It’s like a breathing, pulsing, magazine feature with editorial cartoons, that not only talks to you, in person, but also sings you jaunty cabaret songs about housing policy.

It’s the newest work from the revolutionary “investigative theatre company” known as The Civilians, now in Boston for a very short run at ArtsEmerson. This engaging, intelligent and innovative work of theatrical New Journalism explores the clash between developers, state and local government, grassroots activists and independent citizens around the inception of the mammoth new sports arena now set for construction in Brooklyn.

The stadium to be known as Atlantic Yards will house the former New Jersey Nets basketball team, and will represent the largest building project in the history of Brooklyn.  It will be built in the long-struggling neighborhood of Prospect Heights, and was originally to be designed by Frank Gehry, the celebrated deconstructive-style architect whose buildings tend to look like they were squeezed and fondled after being taken from an oven too quickly.

While developers and lawmakers lined up to boast about the new jobs and elevated stature the project would bring to the community, many actual members of the neighborhood worried that they weren’t being legitimately consulted about a process that would transform their home and more than likely uproot them. As the project gained momentum, the major players struggled to ally themselves with the right activists who jockeyed to position themselves as the true voice of the people.

Drawing from two years worth of research and interviews with stakeholders in this fight, the six-person cast of “In the Footprint” dons an impressive and colorful array of voices, mannerisms and viewpoints to tell the story from as many angles as possible. They turn themselves, essentially, into amusing caricatures of the people they’ve heard from, and yet the genuine passion of their subjects pours out passed their playfulness.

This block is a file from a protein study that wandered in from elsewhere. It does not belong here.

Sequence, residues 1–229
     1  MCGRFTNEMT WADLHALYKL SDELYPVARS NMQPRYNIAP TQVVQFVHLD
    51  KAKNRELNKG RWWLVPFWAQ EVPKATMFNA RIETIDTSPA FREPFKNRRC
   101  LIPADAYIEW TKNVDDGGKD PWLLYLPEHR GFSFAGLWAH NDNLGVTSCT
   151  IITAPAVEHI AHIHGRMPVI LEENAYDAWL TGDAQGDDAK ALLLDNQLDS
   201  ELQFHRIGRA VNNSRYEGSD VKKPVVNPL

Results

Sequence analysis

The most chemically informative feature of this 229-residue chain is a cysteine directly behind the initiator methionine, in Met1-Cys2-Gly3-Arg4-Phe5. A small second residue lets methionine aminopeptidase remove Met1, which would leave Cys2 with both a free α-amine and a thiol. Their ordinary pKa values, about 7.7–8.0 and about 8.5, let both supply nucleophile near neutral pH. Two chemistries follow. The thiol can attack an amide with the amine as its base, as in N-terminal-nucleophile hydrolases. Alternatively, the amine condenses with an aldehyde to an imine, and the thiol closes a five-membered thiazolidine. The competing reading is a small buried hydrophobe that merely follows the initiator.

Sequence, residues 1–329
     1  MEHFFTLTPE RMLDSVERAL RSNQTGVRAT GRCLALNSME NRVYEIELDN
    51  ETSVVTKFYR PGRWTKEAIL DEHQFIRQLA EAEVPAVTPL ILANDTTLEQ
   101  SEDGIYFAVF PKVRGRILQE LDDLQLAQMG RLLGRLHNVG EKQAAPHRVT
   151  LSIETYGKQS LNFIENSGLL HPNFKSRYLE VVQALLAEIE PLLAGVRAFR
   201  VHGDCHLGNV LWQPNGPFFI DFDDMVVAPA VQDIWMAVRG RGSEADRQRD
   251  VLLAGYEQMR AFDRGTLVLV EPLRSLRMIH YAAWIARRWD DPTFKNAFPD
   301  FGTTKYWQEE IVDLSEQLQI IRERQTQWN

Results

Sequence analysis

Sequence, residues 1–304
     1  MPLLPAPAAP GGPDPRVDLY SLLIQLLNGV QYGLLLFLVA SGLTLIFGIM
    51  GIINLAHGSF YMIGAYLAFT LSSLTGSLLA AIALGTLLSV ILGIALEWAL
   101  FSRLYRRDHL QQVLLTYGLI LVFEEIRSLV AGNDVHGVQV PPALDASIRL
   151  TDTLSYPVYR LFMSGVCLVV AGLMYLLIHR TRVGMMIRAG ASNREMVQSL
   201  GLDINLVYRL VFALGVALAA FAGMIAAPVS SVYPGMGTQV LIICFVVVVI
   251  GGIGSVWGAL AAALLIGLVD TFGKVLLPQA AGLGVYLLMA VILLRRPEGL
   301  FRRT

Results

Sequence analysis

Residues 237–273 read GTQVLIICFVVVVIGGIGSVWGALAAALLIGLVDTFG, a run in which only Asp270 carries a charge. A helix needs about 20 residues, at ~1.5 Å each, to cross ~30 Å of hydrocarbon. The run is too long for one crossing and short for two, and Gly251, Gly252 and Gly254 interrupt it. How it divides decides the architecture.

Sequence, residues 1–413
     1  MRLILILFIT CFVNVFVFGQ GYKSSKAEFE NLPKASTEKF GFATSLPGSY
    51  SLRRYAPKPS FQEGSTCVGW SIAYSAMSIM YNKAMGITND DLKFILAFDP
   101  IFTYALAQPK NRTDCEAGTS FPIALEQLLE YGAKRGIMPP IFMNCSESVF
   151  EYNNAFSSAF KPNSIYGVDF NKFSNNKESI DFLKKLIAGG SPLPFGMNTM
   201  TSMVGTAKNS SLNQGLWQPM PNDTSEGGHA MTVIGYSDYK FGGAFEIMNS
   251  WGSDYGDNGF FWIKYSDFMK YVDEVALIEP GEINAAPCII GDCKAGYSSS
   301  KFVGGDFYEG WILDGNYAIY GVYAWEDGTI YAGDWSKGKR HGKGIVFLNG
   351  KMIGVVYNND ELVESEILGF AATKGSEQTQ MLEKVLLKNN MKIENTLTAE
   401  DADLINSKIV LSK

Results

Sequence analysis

Whichever side one may take on the issues of whether or not the developers were within their rights, whether or not the lawmakers were on the peoples’ side and whether or not the activists choose the right cause–and they’re all presented well–no one can brush aside the primal response people have to the threat of losing their homes. We can all relate to their fear and it has to give us pause.

Unlike some of the Civilians’ previous shows, “In the Footprint,” digs down pretty deep into a single historical event rooted in a specific time and place without making an overt effort to universalize the issues. At its core though, is that profound, instinctual fear of being uprooted—and the chilling  idea that your democratic government could take away your land without your consent.

It’s powerful stuff, but the Civilians don’t just awaken it, they conjure it within a framework of well-articulated positions and well-researched facts—some of which, they sing to you.

In The Footprint: The Battle Over Atlantic Yards, written and directed by Steve Cosson, with Music and Lyrics by Michael Friedman, plays at the Paramount Blackbox through January 23.

About The Author

Jason Rabin is a Blast contributing editor

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